It’s that time of year again. While it might not be snowing where you live, the mountains that host America’s favorite ski resorts are rapidly accruing more and more powder as the ski season gets underway. Finally, you can take your gear out of ski storage and dream about where you’ll go this year.
Whether you’re a new skier, a new ski owner, or just looking to expand your knowledge, it’s important to hit the slopes this year with equipment in top-notch shape to maximize fun and minimize the risk of injury. These tips will help you learn how to get your skis prepped for the winter and ready for the mountain.
How to Wax Skis at Home
Unless your skis have structural damage, the most important thing you can do to your skis is to wax them. It’s a relatively simple process that you can do yourself. There are three main steps to waxing your skis, including:
- Cleaning Your Skis
- Waxing Your Skis
- Scraping and Brushing Your Skis
Waxing your skis is important because it helps lower friction and allows your skis to glide as efficiently as possible. You’ll need the following materials to do so:
- Rubbing Alcohol
- Waxing Iron
- Ski Vise (Or Substitute)
You can purchase these materials online, at a national outdoor outlet like Dick’s Sporting Goods, REI, or your local ski tuning shop if you have one.
Cleaning Your Skis
The first step in waxing your skis is cleaning them. After taking them out of whatever you’re using for ski storage, place each ski bottom-up on a ski vise on a workbench. If you don’t have a ski vise, a substitute like boxes, books, or the like will work well in a pinch. Use rubbing alcohol and a towel to thoroughly clean the base of your ski from tip to tail. If it’s dirty, the wax won’t be able to properly work its way into the base.
Waxing Your Skis
For most ski resort visitors, a general-purpose, all-temperature ski wax will work well. First, check your wax to see its optimal melting temperature and set your waxing iron accordingly (it’s important to use a specific waxing iron because normal clothing irons are usually too hot and might damage your ski). Then, heat up some wax and drip it along the length of the ski. Just remember: if it’s smoking, it’s too hot.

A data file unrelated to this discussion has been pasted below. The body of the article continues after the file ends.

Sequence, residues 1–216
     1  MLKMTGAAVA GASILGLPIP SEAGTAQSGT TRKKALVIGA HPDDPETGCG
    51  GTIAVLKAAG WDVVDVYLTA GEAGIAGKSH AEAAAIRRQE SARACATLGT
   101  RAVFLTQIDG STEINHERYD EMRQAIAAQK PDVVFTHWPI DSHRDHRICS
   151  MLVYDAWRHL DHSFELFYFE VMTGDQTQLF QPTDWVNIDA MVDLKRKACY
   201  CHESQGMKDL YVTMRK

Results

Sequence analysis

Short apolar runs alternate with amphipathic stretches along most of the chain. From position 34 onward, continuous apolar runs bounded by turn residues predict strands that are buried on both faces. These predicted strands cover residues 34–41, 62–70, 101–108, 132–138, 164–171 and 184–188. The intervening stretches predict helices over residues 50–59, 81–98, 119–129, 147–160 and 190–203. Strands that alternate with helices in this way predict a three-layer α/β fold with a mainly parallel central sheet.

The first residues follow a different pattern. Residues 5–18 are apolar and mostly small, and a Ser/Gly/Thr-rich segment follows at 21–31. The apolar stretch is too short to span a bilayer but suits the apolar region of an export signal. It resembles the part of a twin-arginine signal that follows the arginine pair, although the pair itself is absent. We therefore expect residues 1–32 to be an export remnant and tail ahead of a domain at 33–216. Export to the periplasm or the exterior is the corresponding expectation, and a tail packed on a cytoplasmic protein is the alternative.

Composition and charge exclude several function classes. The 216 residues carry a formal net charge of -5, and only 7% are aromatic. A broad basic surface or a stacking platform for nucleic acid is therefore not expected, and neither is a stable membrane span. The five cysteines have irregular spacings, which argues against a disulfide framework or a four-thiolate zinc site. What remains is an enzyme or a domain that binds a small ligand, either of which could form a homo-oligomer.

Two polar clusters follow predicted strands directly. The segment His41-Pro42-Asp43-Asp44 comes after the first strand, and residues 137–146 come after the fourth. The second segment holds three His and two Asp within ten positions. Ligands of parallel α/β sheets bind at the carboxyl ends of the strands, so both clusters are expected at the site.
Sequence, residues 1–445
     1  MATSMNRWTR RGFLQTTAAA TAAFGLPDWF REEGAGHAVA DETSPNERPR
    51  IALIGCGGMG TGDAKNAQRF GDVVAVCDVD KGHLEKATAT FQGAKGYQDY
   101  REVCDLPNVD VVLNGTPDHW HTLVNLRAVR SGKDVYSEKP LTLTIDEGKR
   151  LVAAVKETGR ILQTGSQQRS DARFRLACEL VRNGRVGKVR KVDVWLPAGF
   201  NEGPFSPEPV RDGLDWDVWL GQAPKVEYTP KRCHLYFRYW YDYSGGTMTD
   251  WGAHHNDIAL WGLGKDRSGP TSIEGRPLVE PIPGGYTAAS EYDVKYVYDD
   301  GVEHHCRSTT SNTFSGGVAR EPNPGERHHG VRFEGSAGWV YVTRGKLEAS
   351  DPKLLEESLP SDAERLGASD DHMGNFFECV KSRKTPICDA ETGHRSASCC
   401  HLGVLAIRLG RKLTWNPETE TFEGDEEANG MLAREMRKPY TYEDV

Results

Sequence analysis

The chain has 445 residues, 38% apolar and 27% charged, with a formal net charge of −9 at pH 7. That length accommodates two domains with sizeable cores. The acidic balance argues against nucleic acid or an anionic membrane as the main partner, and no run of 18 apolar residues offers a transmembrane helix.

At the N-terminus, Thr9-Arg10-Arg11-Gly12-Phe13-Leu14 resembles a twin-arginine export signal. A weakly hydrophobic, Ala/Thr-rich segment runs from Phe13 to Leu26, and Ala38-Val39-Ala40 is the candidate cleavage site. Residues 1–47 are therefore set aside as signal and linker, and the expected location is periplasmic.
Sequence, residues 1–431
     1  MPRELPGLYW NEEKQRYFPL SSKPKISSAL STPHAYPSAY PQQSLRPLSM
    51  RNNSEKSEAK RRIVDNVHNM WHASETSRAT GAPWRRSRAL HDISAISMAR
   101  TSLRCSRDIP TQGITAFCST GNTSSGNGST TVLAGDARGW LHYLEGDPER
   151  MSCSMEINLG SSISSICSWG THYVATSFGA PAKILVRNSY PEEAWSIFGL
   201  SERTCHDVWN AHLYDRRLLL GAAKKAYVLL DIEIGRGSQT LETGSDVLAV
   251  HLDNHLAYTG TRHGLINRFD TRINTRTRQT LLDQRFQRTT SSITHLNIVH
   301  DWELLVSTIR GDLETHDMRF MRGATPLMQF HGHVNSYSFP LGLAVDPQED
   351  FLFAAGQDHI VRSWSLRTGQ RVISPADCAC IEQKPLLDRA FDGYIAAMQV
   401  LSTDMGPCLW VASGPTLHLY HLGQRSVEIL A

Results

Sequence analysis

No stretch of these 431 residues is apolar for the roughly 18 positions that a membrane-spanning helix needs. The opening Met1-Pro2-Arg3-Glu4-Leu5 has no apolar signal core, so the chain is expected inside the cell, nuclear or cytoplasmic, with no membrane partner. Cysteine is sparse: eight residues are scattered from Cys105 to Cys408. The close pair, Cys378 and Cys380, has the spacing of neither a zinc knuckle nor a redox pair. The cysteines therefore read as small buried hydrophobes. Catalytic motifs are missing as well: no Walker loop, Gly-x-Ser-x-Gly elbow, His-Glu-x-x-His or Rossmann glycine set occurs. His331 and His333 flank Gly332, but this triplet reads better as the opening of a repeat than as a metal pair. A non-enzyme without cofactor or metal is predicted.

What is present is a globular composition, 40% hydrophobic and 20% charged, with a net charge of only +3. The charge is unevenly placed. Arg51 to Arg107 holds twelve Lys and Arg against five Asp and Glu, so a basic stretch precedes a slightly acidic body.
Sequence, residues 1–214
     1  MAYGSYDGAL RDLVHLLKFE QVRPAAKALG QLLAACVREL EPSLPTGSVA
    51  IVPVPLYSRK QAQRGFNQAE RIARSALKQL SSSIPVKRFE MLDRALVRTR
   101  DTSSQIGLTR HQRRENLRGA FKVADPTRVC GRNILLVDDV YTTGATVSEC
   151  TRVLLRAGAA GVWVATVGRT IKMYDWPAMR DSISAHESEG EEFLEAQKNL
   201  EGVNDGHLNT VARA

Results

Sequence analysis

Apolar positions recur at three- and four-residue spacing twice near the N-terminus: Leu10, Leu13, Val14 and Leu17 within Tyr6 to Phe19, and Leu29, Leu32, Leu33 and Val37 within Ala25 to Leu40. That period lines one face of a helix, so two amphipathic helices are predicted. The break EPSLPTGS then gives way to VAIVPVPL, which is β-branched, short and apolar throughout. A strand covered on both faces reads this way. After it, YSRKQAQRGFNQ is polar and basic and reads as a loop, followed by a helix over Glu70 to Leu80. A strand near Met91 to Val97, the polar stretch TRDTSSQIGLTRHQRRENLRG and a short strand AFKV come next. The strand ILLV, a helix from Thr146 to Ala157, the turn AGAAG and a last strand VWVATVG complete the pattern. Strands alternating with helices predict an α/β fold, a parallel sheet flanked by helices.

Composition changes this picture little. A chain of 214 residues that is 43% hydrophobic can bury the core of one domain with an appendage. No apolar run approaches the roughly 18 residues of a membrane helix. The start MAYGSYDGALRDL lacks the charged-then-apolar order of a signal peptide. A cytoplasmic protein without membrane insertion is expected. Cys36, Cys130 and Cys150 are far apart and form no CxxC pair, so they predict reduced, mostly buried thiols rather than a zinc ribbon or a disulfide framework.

Then, move your iron from tip to tail. You’ll want to go slowly enough to let the wax penetrate the pores of the ski base, but quickly enough to avoid burning or damaging the ski itself. Make a few passes with the iron, and then let it cool to room temperature. Once it’s cool to the touch, you’re clear to go to the next step.
Scraping and Brushing Your Skis
Wax best works when it seeps into the pores of the ski base, reducing the coefficient of friction of the ski itself (in layman’s terms: wax makes it slicker). However, if there’s too much wax, it loses that benefit.
As a result, the final step of waxing your ski is scraping and brushing. Scrape off excess wax first with your scraper, making sure to also hit the sides of the ski, as well. Once you aren’t getting any more shavings, move on to brushing. Brush until you don’t see any more wax dust.
Professional Ski Tuning and Ski Equipment Rental
If you want to own skis but aren’t interested in waxing them, another option is to have your skis professionally tuned, either at a ski resort or in your own city if you have a ski shop equipped to do so.
Even if you’re comfortable with waxing your own skis, using a professional ski tune shop may be your best choice if you have ski damage or dulled, chipped edges. These shops have seen skis (and snowboards) of all kinds, and they have specialized tools that give them a level of accuracy that is difficult to achieve on your own.
Ski equipment rental is also an option if you don’t want to maintain your own equipment or if you want to try something new. At ski rental shops, you’ll be able to rent skis, poles, helmets, and sometimes even goggles and outerwear.
Ski Storage Ideas
If you’re an owner of your own pair of skis, you’ll need a place to put them—especially if you have more than one set. You’ll need to ensure that they’re in a place where they won’t get damaged by the elements. A garage or basement makes a good spot.
Some resorts also feature seasonal storage lockers. If you frequent one resort, you can take advantage of this by leaving your gear there and picking it up when you’re ready to hit the slopes.
Of course, self storage is another ideal storage space for skis. Whether you’re storing brand new skis or old favorites, climate controlled storage units will keep your skis ready for your next trip to the mountain. Total Storage Solutions has dozens of locations across four states. Reserve a unit today to get our best deals on units both large and small.